Izakaya Minato

Chef’s choice sashimi dish

Chef’s choice sashimi dish: Maine bluefin tuna, scallop, Arctic char, amberjack, kelp-cured fluke.

Small plates have a big impact at East Bayside’s bustling Japanese pub.

By Joe Ricchio
Photography by Douglas Merriam
Age ochazuke, a fried rice ball in fish broth, topped with ikura (salmon roe).

Age ochazuke, a fried rice ball in fish broth, topped with ikura (salmon roe).


In Japan, red lanterns hanging in a shop window signify that you’ve stumbled upon an izakaya, a casual pub specializing in shareable small plates. It’s the national equivalent of Spain’s tapas bars. In Portland, the warm glow from the red lanterns at Izakaya Minato invites passersby in for a tantalizing sensory experience — the sizzle of frying chicken thighs, the savory aroma of fish broth, the blur of cooks and barkeeps.

Husband-wife owners Thomas Takashi Cooke and Elaine Alden opened the East Bayside spot last year. For almost a decade prior, they worked together in a Japanese restaurant in San Francisco. Then, with an eye toward opening their own place, they spent three months living with Cooke’s mother in Tokyo, where Cooke trained in a local izakaya.

Izakayas are meant to be hopping hangouts, so the pair decided on a simple, soothing aesthetic that carries from the bar to the dining room. Blond-wood bar and tabletops, white walls, and gray trim keep the compact space from feeling too crowded even when it’s jam-packed on weekend evenings. Earth-tone ceramics, from soup bowls to sake cups, fit the look nicely — and they’re hand-spun by Cooke, who’s been spending his one day off each week taking pottery classes down the street.

Chef and co-owner Thomas Takashi Cooke.

Chef and co-owner Thomas Takashi Cooke.

54 Washington Ave., Portland. 207-613-9939.

Price Range
Small plates $4–$13

Go Off Book
It’s well worth exploring nightly specials, which on a recent visit included lightly cured mackerel, seared and served rare to bring out the flavor of the fat and create a textural contrast to the toasted skin.

Mix It Up
Ordering the “omakase” tasting menu is a great way to experience the cooking at Minato, and at $30 per person for a copious amount of food, it’s a rare bargain on the Portland dining scene.

From behind the counter, where kitchen and bar staff work side by side, a constant and extensive array of dishes flows. Those fried chicken thighs, dredged in potato starch, are at first crunchy and then oh-so-juicy, and they get a little kick from a smear of spicy mayo for dipping. And that savory fish broth floats a big, chewy rice ball that’s topped with either salmon roe or umeboshi, a pickled plum-like fruit common in Japan.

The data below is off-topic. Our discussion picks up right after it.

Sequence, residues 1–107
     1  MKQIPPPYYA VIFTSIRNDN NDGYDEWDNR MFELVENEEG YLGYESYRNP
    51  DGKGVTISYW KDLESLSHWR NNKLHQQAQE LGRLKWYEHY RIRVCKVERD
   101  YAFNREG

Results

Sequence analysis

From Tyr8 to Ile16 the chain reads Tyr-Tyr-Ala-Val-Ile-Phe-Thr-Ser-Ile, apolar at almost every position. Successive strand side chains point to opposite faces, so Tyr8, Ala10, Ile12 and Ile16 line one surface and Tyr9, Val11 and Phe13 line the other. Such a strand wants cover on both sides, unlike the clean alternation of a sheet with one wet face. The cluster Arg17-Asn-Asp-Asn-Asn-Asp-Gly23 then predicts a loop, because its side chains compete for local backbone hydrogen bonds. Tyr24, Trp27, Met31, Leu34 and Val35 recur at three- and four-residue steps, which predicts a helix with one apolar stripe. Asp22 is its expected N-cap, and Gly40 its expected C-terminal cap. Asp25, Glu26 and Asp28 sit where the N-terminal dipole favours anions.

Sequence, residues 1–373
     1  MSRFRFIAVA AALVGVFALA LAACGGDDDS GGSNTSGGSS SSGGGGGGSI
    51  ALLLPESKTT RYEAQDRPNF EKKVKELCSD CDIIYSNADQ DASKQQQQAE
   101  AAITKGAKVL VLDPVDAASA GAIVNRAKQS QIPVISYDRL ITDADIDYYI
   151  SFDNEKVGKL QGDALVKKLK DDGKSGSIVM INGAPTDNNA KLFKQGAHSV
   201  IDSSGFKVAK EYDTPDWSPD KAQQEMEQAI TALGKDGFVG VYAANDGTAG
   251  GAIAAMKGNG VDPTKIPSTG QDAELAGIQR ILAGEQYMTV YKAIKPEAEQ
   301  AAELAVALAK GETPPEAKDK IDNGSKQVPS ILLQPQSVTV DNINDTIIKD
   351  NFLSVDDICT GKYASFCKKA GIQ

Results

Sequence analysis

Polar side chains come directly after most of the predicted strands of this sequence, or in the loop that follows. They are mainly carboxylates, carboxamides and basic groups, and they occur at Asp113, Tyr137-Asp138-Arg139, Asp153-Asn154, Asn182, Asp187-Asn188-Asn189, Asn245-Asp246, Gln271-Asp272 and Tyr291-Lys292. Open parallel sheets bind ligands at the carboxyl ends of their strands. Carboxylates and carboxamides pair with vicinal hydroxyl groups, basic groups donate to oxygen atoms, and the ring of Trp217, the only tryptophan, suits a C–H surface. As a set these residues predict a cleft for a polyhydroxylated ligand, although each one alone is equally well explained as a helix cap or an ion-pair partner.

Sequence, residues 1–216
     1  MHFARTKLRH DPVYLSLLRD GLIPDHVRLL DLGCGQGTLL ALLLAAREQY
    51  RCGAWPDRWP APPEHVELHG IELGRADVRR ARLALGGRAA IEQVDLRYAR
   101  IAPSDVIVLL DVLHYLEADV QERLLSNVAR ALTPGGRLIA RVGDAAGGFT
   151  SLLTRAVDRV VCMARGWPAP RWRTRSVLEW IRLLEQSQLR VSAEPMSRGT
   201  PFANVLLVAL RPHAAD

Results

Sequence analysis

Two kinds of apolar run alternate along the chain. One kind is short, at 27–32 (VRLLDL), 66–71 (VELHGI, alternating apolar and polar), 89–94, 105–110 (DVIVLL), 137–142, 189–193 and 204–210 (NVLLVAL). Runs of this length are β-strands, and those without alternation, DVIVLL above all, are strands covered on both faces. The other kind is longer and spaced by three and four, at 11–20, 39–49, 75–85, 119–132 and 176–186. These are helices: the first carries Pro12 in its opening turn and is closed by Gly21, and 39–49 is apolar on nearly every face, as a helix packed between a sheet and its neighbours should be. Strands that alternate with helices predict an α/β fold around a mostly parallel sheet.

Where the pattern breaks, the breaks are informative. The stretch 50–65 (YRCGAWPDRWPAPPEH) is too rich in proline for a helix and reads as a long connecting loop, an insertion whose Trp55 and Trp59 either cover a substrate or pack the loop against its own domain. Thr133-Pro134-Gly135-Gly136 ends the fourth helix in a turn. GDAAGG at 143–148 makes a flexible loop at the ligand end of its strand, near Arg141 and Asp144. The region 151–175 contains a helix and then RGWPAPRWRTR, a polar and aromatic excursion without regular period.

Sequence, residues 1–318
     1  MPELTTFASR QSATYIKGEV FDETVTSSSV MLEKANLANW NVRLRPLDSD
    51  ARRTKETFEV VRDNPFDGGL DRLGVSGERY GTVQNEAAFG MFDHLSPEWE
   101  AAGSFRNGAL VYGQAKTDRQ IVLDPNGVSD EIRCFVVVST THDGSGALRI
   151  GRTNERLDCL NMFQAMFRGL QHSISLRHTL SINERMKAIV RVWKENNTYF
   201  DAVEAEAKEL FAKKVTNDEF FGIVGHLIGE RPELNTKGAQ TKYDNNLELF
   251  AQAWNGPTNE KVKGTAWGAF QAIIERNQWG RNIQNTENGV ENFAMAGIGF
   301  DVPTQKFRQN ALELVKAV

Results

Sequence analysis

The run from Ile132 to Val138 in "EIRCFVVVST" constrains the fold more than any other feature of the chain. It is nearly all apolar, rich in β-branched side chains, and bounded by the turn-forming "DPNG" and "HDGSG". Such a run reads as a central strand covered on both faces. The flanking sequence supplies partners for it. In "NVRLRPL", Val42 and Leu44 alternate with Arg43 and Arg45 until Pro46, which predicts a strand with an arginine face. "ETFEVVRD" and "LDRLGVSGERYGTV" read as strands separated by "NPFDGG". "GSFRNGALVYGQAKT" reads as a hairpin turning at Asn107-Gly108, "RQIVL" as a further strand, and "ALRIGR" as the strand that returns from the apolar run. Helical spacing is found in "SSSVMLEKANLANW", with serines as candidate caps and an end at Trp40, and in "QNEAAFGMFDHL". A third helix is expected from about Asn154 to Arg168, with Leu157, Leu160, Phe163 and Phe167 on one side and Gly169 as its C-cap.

Bartenders oversee a thorough list of sakes and Japanese whiskies that Alden curates. She developed a keen palate for sake while working in San Francisco and continually hones her lineup to cover the stylistic bases. Tensei “Endless Summer” Tokubetsu Honjozo, for instance, is bright and refreshing, while Minato Yamahai Nama Genshu, a high-ABV, unpasteurized sake, possesses deep, earthy flavors (and, coincidentally, shares the minato name with the restaurant — that’s “harbor” in Japanese).

Every dish brings a fresh set of tastes and textures: smoky bacon-wrapped rice cakes, melt-off-the-bone Korean-style barbecue short ribs, spicy kimchi fried rice. The broiled black cod, marinated in sake lees, is nearly the consistency of butter. Fried tofu squares, with jalapeño, soy sauce, and bonito, addictively marry spicy and salty — I suspect I could snack on these all day.

“JFC,” or Japanese fried chicken.

“JFC,” or Japanese fried chicken.

The menu’s range — and the careful execution of every dish — sets Izakaya Minato apart from other small-plates establishments. Cooke’s stylish presentation of sashimi is as spot-on as his messy plate of okonomiyaki, a cabbage pancake with bonito and either bacon or mushrooms (I side with bacon). Every dish, once set in front of you, seems to transcend its menu description. It’s almost a shame that, with 20-plus options to choose from, a few plates per person will leave you sated. Of course, you could always opt to cede control and order the chef’s-selection dinner, letting the kitchen surprise you, or you might recruit enough friends to share and sample the whole menu. At such a relaxed and convivial place, there’s no wrong way to order.


Joe Ricchio

Joe Ricchio is Down East’s food editor.